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Whole-heart first-pass myocardial perfusion imaging with non-rigid respiratory motion correction
Journal of Cardiovascular Magnetic Resonancevolume 15, Article number: P176 (2013)
Assessment of myocardial perfusion plays an important role in the evaluation of coronary artery and ischemic heart disease [1, 2]. Scan acceleration methods such as k-t PCA  have proven invaluable for increasing coverage and have facilitated 3D perfusion imaging . However, the sensitivity to respiratory motion for high acceleration factors remains challenging . Especially in clinical routine, long breathhold durations are not always feasible.
In this work, an iterative k-t PCA algorithm is proposed which corrects for nonrigid frame-to-frame motion based on regularization with motion corrected k-t training data and motion operators thereof. It is demonstrated that this approach permits artifact-free reconstruction of 3D perfusion data acquired in non-compliant patients.
Three motion corrupted 3D data sets were taken from a study of patients with suspected or known coronary artery disease. Data was acquired with a 10-fold k-t undersampled, saturation recovery gradient-echo sequence on a 3T Philips Ingenia system (Philips Healthcare, Best, The Netherlands). Scan parameters were: TR/TE: 2.2/1 ms, flip angle = 15°, spatial resolution: 2.3x2.3x10 mm3, saturation prepulse delay: 150 ms, acquisition window: 210 ms, #dynamics: 30.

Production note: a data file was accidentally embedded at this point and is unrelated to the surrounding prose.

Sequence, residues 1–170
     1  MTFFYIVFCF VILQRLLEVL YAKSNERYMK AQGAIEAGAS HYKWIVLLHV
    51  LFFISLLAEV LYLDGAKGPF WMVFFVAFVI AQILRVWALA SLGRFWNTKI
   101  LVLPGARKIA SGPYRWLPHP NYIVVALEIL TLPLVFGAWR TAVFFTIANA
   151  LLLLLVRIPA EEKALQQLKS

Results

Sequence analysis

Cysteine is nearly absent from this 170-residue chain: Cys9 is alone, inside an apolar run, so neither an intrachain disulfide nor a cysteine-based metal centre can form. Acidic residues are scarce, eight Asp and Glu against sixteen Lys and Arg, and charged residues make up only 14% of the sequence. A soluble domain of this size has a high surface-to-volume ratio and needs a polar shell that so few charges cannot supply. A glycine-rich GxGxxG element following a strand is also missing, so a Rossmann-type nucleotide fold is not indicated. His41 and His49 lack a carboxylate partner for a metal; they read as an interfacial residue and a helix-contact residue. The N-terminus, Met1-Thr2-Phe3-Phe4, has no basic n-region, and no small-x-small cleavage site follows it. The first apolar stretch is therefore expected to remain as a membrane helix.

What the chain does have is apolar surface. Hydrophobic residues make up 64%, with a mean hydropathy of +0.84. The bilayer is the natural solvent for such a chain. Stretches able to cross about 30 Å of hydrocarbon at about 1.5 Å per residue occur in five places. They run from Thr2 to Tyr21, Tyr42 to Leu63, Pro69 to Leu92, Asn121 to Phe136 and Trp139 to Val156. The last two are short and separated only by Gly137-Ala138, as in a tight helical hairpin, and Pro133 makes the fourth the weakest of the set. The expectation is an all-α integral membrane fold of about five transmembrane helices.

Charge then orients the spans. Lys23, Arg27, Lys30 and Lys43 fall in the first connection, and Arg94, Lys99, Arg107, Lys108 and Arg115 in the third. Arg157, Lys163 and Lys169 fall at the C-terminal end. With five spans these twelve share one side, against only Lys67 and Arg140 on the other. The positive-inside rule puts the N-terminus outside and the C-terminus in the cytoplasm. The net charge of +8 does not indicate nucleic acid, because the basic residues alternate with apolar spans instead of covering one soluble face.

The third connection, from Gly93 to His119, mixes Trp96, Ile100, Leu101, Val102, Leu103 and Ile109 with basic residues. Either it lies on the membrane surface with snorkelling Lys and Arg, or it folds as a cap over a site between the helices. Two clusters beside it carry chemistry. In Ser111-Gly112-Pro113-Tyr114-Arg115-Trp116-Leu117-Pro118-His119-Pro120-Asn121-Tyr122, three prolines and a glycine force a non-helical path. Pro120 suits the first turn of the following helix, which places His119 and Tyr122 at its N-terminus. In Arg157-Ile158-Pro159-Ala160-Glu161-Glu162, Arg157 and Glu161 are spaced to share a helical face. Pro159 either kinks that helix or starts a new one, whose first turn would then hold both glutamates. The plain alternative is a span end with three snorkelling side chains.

Two out of the three data sets presented here were obtained under pharmacological stress (adenosine: 140 μg/kg/min over 6 min). For reconstruction, an iterative k-t PCA algorithm was implemented with all dynamic frames being warped to a reference respiratory position by an additional spatial transformation before applying Fourier and PCA transform in the time domain. The deformation fields for warping were estimated by image registration of frame-by-frame SENSE reconstructed images. To avoid misregistration due to contrast uptake, a b-spline transformation model was constrained to affine motion for several predefined image regions, including heart, liver, chest wall, and back. These regions were defined by an atlas based on a segmented multi-slice survey. Motion corrected images were compared to standard k-t PCA images without motion correction.
Still frame images and profiles over time are shown for standard and motion corrected reconstruction in Figure 1. Image artifacts were successfully suppressed when using the motion-corrected k-t PCA implementation. In addition the approach allowed warping of all dynamic frames to a single respiratory position hence greatly simplifying image segmentation and analysis. Signal intensity profiles are shown for myocardium and left ventricular blood pool in Figure 2 demonstrating reduction of respiratory motion induced signal fluctuations with motion correction.
Iterative k-t PCA with nonrigid motion correction enables correction of respiratory motion artifacts in dynamic 3D myocardial perfusion imaging. Thereby 3D perfusion data obtained during interrupted breathholding or even during free breathing can be successfully reconstructed and analyzed.
The authors acknowledge funding by the Swiss National Science Foundation, grant #CR3213_132671/1 and by Bayer (Switzerland) AG.
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